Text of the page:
Silent Night Instead Of Chaotic Christmas

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Childhood Christmas memories (early 1980s)

It seems Christmas tends to wound us. Just judging by all the calls to look after ourselves at this time of year. Every day brings a fresh wave of breezy yet cautionary social media posts urging us to practice ‘self-care’ more now than ever. And apparently, grief and illness don’t take a break for this most wonderful time of the year. Who knew?

It is true that the expectation to be happy because it’s Christmas (both unspoken and sung loudly) adds unnecessary pressure to already busy lives. It is not in today’s Christmas’s nature to nurture.

For a holiday supposedly espousing kindness, joy and happiness, it doesn’t heal the hurts the year might have inflicted on us. If anything, it deepens our wounds because it insists we turn ourselves inside out to please the world, rather than recovering from the demands of the year. Perhaps, if we approached Christmas less as something that will inevitably leave us feeling worn out and stressed, we wouldn’t need to heed social media advice to ‘look after ourselves over the festive season’.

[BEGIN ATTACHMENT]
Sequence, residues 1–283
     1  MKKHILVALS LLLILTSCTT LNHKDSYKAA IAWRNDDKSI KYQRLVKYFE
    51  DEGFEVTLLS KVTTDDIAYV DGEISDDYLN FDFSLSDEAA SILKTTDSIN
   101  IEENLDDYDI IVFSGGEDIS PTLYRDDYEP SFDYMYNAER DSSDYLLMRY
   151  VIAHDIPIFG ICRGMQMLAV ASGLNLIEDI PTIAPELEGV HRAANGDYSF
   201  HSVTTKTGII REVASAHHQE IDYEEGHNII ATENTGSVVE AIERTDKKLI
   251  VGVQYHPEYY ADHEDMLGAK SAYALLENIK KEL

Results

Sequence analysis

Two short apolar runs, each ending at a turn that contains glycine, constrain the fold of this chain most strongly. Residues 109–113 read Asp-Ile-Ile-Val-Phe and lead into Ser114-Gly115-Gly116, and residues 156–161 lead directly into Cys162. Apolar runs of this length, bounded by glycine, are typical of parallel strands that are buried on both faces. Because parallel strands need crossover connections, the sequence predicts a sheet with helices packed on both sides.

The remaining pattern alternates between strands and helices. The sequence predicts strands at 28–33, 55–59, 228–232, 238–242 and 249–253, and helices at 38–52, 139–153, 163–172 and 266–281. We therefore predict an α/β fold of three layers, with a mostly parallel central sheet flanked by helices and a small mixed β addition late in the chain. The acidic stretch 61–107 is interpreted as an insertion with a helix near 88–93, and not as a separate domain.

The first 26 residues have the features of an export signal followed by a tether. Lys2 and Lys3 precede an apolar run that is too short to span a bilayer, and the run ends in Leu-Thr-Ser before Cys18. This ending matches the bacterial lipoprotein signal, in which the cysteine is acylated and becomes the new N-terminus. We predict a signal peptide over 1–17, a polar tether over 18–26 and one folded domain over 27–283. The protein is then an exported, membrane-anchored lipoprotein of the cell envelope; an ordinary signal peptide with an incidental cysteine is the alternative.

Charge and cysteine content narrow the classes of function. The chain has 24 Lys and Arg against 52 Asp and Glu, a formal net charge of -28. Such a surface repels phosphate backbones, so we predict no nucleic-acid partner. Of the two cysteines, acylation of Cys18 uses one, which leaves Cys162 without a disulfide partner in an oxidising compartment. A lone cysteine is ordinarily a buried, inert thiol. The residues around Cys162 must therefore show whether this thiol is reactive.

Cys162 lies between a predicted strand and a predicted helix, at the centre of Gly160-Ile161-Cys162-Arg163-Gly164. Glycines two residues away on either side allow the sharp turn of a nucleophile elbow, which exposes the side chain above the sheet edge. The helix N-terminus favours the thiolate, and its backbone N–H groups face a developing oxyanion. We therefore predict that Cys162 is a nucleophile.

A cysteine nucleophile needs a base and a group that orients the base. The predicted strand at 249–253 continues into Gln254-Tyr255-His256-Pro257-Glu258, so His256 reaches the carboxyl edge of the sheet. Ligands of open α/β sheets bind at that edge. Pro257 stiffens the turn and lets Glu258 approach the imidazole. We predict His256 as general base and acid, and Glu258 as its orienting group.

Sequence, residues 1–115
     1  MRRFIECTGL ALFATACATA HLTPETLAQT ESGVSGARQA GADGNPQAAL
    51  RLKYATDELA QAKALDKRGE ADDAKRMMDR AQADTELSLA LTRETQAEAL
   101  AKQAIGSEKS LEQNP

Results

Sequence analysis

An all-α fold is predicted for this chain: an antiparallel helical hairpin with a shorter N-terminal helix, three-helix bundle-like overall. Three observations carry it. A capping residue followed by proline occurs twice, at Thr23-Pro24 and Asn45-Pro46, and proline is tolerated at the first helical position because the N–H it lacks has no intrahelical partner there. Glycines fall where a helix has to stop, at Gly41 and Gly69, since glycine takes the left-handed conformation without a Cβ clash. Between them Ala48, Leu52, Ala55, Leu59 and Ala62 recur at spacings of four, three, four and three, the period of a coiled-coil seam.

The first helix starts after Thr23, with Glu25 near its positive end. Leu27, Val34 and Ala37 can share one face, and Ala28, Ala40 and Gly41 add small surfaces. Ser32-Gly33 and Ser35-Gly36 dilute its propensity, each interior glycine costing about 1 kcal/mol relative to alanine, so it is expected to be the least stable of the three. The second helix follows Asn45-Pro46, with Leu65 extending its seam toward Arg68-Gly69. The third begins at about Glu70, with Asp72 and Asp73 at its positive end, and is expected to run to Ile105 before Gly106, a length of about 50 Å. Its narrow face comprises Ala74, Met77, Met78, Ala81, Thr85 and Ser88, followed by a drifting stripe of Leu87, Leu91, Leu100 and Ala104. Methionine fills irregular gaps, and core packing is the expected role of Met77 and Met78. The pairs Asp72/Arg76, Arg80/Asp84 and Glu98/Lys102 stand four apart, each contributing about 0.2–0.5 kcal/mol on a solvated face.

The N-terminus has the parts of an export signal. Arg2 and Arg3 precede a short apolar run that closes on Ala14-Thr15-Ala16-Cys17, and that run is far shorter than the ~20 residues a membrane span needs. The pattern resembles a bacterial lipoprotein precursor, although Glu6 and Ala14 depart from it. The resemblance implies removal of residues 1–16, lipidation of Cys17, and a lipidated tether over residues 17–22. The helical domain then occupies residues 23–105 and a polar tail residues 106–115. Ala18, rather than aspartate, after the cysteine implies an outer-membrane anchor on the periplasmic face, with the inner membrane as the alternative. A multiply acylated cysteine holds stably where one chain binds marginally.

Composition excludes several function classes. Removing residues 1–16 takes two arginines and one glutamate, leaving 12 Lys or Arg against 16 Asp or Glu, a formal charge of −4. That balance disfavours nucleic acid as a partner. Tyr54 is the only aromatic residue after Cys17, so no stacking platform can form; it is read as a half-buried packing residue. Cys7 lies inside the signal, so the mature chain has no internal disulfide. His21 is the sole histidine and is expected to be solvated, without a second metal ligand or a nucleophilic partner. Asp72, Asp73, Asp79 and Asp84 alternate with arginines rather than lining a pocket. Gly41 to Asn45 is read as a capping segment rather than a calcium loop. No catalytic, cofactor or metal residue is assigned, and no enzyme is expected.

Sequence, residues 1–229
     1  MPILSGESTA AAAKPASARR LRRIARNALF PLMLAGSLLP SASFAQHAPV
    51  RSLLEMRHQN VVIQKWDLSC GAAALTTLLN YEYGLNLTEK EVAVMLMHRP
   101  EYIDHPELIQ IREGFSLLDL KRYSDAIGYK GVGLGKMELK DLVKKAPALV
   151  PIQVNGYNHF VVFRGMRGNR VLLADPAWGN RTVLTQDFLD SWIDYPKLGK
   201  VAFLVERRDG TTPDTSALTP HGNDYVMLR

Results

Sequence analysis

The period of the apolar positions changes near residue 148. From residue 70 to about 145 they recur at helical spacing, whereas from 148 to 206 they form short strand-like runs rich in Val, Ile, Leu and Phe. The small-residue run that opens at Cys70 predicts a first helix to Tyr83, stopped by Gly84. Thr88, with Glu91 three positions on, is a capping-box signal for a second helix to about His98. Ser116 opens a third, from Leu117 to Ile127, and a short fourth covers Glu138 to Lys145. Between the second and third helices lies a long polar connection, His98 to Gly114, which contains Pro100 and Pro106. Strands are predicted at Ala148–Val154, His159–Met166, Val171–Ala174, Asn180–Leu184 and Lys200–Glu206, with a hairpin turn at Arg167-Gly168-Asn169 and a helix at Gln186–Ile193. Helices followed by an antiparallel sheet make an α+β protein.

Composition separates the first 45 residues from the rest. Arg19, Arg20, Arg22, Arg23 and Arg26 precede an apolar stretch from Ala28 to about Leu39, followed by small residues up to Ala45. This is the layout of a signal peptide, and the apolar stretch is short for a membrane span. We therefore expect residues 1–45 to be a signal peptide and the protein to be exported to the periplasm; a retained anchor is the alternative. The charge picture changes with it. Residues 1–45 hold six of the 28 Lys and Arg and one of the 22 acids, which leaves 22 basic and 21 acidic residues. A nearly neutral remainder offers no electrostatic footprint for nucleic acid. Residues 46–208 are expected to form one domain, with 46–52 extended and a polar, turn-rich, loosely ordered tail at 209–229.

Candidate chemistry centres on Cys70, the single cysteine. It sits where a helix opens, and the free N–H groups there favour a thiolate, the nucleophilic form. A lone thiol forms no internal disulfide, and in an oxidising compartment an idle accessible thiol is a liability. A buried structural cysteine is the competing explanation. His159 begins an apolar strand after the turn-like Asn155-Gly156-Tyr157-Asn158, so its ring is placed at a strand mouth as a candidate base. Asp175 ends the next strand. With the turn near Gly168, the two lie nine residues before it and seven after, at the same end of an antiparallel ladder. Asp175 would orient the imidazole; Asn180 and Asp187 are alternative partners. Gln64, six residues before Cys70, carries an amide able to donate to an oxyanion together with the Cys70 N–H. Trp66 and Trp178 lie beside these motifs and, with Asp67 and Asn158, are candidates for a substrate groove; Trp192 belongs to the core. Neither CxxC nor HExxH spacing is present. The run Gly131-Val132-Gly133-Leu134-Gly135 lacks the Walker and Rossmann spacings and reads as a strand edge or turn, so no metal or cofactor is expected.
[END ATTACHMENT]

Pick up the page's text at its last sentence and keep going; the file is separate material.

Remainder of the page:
What if Christmas were all about replenishing ourselves as opposed to needing self-care as damage control?

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My Father’s Heart Broke

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Showing me the world – Riad, Saudi Arabia 1975

I spent the first days of this week on the windblown roof of a sky scraper. It was so tall that the air felt thin, and my stomach was in free fall. The sky scraper was my heart. Most of the time my brain rules my heart. It translates emotion into logic, even in moments when emotion is appropriate. Seven days ago, I heard these words pertaining to my father:

‘Massive heart attack, nearly died in ambulance, going in for emergency triple bypass surgery now.’

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